A bishop's suggestion that homosexuals see psychiatrists for "re-orientation" has caused a huge row. But it's not so long since the idea that homosexuality could be treated by science or medicine - even on the NHS - was mainstream.
By Brian Wheeler
BBC News Online Magazine
According to consultant psychiatrist Michael Knight, who is about to publish a paper on the subject, "biological treatments for homosexuality" dominated the early part of the 20th Century.
In the 1920s, mainstream medical researchers in Germany implanted testicles from corpses into the bodies of homosexual men, usually without their knowledge. The idea was to boost testosterone levels.
"They were told they were going to have an operation, but not what was going to be done to them. These experiments were written up in the German equivalent of the BMJ or The Lancet, although they were later discredited after the Second World War."
In the 1950s and 1960s, behavioural therapy was used to try to "cure" gay men. Men convicted of homosexual acts were routinely given electric shock treatment, hallucinogenic drugs and subjected to brainwashing techniques.
The most common form of treatment was aversion therapy, of the kind seen in Stanley Kubrick's film A Clockwork Orange.
Peter Price volunteered for therapy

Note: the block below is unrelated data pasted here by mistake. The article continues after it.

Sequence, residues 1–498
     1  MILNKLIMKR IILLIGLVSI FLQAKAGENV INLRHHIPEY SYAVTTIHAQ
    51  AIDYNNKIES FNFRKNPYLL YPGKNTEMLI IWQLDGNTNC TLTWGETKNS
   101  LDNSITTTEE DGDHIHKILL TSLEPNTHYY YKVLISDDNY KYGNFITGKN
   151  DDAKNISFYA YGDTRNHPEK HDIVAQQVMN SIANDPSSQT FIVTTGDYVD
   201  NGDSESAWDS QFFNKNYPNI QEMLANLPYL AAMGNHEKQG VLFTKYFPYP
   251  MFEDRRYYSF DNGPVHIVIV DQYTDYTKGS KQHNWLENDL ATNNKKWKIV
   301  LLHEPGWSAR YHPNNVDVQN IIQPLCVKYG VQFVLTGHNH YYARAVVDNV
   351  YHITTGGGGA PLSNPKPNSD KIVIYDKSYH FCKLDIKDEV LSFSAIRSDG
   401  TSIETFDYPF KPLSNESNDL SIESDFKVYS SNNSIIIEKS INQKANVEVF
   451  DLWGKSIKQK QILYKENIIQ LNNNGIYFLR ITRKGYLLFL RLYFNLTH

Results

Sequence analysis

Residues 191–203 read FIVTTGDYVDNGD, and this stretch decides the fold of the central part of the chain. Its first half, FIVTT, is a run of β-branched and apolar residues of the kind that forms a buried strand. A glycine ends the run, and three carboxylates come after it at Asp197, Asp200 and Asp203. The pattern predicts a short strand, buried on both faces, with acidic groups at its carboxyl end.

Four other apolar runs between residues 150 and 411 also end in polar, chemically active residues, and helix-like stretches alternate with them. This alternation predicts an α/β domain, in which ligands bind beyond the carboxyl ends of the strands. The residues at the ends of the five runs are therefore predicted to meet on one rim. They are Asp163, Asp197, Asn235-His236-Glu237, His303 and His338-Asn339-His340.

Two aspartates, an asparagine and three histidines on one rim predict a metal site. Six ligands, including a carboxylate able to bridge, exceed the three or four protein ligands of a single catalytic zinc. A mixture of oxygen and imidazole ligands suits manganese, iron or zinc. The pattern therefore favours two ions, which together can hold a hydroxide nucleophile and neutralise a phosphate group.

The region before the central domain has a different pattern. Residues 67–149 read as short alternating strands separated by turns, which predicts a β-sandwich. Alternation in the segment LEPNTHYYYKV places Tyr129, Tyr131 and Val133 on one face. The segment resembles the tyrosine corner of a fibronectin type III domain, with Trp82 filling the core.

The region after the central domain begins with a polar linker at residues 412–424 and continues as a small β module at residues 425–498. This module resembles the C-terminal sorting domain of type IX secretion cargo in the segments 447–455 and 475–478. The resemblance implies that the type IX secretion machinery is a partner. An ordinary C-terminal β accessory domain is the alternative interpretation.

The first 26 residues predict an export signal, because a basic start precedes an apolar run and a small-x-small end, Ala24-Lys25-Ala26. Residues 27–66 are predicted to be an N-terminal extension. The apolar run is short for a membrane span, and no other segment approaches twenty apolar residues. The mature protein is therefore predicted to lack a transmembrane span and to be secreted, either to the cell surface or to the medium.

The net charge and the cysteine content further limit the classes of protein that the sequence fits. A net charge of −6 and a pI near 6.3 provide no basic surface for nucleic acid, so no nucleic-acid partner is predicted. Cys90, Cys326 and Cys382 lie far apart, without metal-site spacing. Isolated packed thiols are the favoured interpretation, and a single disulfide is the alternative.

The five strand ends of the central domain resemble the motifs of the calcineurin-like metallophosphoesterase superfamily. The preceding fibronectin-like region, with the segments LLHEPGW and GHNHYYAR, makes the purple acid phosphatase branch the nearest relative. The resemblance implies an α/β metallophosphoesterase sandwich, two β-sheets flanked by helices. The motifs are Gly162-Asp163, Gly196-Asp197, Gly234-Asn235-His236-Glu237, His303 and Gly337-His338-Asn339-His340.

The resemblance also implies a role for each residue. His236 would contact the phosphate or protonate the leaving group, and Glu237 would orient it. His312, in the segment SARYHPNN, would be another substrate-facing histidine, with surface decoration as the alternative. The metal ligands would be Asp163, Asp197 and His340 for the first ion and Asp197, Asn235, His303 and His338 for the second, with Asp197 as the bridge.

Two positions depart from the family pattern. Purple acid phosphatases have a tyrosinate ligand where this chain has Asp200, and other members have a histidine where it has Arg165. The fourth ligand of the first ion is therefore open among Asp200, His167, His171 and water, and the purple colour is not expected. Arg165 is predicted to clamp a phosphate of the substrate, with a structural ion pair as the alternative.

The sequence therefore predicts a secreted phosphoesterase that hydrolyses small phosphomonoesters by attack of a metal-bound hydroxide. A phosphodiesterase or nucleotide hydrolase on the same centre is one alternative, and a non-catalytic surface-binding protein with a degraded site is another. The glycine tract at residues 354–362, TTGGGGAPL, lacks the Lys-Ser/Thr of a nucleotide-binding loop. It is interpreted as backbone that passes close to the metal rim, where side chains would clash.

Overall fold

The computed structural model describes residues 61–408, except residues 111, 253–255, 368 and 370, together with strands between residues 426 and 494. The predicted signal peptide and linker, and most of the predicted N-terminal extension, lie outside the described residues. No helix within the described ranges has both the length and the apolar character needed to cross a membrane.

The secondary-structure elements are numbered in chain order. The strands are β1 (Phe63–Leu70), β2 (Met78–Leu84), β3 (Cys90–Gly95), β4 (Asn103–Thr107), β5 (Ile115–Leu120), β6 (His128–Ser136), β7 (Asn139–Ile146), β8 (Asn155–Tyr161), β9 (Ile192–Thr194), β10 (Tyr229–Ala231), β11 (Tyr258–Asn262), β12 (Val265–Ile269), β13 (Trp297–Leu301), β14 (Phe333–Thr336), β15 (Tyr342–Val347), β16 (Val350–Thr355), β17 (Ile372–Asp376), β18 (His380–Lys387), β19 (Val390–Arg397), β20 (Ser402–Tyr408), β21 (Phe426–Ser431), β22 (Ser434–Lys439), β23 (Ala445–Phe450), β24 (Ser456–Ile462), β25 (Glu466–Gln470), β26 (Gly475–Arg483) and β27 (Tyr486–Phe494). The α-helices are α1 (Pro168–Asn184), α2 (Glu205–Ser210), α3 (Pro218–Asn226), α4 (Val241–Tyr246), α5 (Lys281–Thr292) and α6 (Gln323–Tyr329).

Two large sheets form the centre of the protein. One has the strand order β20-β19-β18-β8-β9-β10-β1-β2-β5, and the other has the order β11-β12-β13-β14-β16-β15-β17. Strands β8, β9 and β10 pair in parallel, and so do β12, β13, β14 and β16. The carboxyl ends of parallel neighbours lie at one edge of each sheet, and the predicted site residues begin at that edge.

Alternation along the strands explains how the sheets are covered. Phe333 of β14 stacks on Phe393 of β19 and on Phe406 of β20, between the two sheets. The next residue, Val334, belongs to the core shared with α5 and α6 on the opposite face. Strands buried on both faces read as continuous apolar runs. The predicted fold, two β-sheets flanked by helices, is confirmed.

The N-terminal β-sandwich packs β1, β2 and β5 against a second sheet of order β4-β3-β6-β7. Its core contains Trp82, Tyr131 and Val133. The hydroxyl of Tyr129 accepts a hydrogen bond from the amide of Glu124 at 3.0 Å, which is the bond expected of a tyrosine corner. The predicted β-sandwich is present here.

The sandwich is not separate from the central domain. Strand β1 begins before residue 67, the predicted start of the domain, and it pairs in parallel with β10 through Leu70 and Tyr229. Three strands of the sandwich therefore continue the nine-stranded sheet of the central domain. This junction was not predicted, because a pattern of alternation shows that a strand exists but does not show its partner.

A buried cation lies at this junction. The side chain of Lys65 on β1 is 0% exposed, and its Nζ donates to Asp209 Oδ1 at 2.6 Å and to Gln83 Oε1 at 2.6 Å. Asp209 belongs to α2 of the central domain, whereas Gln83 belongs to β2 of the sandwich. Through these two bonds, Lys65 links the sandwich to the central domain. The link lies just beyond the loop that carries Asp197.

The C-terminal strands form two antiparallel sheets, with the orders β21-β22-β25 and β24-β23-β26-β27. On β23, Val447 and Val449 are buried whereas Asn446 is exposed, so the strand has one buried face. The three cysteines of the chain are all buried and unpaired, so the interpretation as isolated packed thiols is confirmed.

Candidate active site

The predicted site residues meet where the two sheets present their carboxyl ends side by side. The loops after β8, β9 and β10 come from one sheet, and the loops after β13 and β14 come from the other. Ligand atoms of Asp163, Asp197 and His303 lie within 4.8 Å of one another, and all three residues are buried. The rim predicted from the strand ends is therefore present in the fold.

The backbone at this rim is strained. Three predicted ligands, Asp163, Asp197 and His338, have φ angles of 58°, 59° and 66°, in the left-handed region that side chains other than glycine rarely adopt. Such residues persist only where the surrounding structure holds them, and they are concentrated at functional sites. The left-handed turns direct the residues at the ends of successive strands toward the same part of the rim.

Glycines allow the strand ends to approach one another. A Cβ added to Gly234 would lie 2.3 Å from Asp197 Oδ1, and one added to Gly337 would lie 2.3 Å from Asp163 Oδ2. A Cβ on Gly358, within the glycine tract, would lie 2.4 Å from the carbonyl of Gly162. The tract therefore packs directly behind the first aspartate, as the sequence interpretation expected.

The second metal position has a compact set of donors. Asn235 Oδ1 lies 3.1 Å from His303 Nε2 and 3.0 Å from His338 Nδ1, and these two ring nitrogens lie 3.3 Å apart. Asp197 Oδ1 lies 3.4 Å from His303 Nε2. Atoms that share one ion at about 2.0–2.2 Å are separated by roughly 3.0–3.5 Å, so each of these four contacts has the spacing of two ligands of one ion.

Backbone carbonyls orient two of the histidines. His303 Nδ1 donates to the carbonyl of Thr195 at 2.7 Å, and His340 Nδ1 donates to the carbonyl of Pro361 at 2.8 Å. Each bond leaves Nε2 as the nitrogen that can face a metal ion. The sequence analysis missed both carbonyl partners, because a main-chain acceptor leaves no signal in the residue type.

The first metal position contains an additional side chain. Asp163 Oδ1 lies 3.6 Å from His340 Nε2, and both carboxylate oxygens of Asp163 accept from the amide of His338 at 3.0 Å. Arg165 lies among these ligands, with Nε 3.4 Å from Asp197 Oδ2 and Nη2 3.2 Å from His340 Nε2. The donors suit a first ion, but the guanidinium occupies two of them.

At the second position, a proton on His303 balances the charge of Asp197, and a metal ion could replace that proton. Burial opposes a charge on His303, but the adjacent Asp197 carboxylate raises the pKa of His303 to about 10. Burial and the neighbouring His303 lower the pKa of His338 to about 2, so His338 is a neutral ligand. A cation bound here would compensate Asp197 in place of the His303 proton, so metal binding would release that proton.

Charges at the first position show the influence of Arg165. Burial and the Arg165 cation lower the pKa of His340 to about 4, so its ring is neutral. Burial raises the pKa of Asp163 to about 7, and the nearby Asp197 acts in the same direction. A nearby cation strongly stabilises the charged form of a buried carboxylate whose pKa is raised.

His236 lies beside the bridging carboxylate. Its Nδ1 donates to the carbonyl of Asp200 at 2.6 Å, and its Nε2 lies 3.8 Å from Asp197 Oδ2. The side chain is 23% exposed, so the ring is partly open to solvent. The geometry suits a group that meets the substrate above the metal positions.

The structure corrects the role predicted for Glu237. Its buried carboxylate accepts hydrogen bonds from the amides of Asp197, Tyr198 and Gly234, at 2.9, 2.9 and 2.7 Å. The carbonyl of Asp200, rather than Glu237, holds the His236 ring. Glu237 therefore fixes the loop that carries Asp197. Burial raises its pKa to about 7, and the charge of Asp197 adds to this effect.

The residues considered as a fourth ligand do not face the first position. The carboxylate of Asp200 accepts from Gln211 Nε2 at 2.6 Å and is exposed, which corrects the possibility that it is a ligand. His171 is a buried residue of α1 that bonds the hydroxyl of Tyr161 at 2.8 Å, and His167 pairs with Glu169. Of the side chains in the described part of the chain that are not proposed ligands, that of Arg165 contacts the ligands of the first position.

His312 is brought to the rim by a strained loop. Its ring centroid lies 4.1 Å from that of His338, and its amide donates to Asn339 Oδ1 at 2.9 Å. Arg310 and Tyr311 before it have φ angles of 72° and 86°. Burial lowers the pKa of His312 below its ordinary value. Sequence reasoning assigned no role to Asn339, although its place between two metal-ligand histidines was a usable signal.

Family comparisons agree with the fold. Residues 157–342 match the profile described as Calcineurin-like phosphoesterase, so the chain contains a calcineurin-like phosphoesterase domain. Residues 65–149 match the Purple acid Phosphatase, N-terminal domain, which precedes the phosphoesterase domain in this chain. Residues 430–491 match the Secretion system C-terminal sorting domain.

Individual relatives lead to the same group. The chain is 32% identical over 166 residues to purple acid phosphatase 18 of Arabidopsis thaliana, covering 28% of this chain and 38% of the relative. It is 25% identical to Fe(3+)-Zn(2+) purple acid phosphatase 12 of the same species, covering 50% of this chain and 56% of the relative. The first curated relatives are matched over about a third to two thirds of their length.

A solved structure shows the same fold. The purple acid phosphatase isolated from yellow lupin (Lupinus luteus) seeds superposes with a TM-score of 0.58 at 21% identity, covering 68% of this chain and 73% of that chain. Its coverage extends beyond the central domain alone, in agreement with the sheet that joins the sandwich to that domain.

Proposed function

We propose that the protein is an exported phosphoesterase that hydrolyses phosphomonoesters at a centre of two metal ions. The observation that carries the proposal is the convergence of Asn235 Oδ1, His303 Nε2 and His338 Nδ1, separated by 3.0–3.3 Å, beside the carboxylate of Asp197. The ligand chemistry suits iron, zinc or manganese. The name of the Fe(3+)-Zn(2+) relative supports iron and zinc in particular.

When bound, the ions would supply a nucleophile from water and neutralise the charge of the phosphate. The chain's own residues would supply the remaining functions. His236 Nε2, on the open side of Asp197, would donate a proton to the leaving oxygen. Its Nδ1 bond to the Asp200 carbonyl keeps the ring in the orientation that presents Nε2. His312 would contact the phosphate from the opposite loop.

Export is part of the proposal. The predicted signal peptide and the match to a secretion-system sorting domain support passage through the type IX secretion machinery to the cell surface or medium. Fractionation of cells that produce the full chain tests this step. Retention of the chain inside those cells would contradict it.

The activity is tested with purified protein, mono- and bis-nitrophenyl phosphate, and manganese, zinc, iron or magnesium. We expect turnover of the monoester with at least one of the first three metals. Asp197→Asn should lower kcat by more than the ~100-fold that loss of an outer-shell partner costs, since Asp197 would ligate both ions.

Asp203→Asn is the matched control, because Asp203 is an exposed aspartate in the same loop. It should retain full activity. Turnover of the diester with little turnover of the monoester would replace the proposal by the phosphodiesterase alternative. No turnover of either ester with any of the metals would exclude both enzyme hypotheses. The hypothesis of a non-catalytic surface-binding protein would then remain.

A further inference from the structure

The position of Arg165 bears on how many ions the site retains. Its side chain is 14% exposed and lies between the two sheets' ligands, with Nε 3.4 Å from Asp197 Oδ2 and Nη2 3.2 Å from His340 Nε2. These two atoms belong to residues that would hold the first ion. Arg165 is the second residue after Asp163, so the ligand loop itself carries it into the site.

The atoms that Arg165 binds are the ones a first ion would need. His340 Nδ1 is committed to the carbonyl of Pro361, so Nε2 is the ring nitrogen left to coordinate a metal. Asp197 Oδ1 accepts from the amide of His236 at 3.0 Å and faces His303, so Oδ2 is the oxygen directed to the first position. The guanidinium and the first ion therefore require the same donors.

Those who volunteered for such treatments - often in preference to jail terms - were shown pictures of naked men and given a series electric shocks or drugs to make them vomit.
When they could stand it no longer, they were shown pictures of naked women, or films of nudist colonies, as a relief from the pain - or, in some cases, taken out on "dates" with young nurses.
DJ and stand-up comic Peter Price volunteered to undergo aversion therapy on the NHS when he was 18, after his mother found out he was gay.
He remembers being put into a windowless room in a psychiatric ward, where he had to listen to an audio tape disparaging his homosexuality "in the foulest language imaginable".
The psychiatrist who made the tape then gave him a pile of 'dirty' books containing images of nude men and a crate of Guinness to drink.
"They then injected me with something that made me violently sick for about an hour and they left me there", he says. The doctors refused to give him a basin and insisted he vomit over himself.
"For 72 hours I lay in my own excrement and dirt, scared out of my wits," he says. He begged to be let out of the hospital after the psychiatrist told him the next stage of the treatment involved attaching electrodes to his penis.
He went home feeling "dirty, filthy and vile" and bathed for "about eight hours". "About two months later I accepted that I was gay," he says.
Then, by a remarkable coincidence, he says he bumped into the psychiatrist who had treated him a few weeks later - in a Liverpool gay club. "I was furious. I tried to attack him with a broken bottle," he says.
Mr Price says he did not speak about his experiences for more than 20 years, but now has a phone-in show on Liverpool's Radio City, where he tries to help young people come to terms with their sexuality.
Jim Wood, 55, underwent a course of electric shocks as a teenager, after coming out to his father.